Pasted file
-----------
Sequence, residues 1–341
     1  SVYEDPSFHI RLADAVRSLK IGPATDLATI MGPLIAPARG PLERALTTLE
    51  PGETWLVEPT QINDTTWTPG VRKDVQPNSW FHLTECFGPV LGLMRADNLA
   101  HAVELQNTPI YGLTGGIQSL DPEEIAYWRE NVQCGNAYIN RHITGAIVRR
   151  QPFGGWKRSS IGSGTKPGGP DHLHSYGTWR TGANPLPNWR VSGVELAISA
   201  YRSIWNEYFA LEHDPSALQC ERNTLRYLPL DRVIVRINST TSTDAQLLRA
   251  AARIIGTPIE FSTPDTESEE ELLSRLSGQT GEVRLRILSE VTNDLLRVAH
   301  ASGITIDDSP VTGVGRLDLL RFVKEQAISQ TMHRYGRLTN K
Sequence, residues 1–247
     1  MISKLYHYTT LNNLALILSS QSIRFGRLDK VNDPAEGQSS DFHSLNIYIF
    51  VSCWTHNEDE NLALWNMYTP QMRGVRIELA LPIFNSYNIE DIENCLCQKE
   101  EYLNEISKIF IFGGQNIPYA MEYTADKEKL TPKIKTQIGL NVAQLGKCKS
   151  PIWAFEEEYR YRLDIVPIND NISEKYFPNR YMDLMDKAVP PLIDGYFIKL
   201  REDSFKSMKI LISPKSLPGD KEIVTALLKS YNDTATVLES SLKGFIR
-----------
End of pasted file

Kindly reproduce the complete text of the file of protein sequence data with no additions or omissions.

Sequence, residues 1–341
     1  SVYEDPSFHI RLADAVRSLK IGPATDLATI MGPLIAPARG PLERALTTLE
    51  PGETWLVEPT QINDTTWTPG VRKDVQPNSW FHLTECFGPV LGLMRADNLA
   101  HAVELQNTPI YGLTGGIQSL DPEEIAYWRE NVQCGNAYIN RHITGAIVRR
   151  QPFGGWKRSS IGSGTKPGGP DHLHSYGTWR TGANPLPNWR VSGVELAISA
   201  YRSIWNEYFA LEHDPSALQC ERNTLRYLPL DRVIVRINST TSTDAQLLRA
   251  AARIIGTPIE FSTPDTESEE ELLSRLSGQT GEVRLRILSE VTNDLLRVAH
   301  ASGITIDDSP VTGVGRLDLL RFVKEQAISQ TMHRYGRLTN K
Sequence, residues 1–247
     1  MISKLYHYTT LNNLALILSS QSIRFGRLDK VNDPAEGQSS DFHSLNIYIF
    51  VSCWTHNEDE NLALWNMYTP QMRGVRIELA LPIFNSYNIE DIENCLCQKE
   101  EYLNEISKIF IFGGQNIPYA MEYTADKEKL TPKIKTQIGL NVAQLGKCKS
   151  PIWAFEEEYR YRLDIVPIND NISEKYFPNR YMDLMDKAVP PLIDGYFIKL
   201  REDSFKSMKI LISPKSLPGD KEIVTALLKS YNDTATVLES SLKGFIR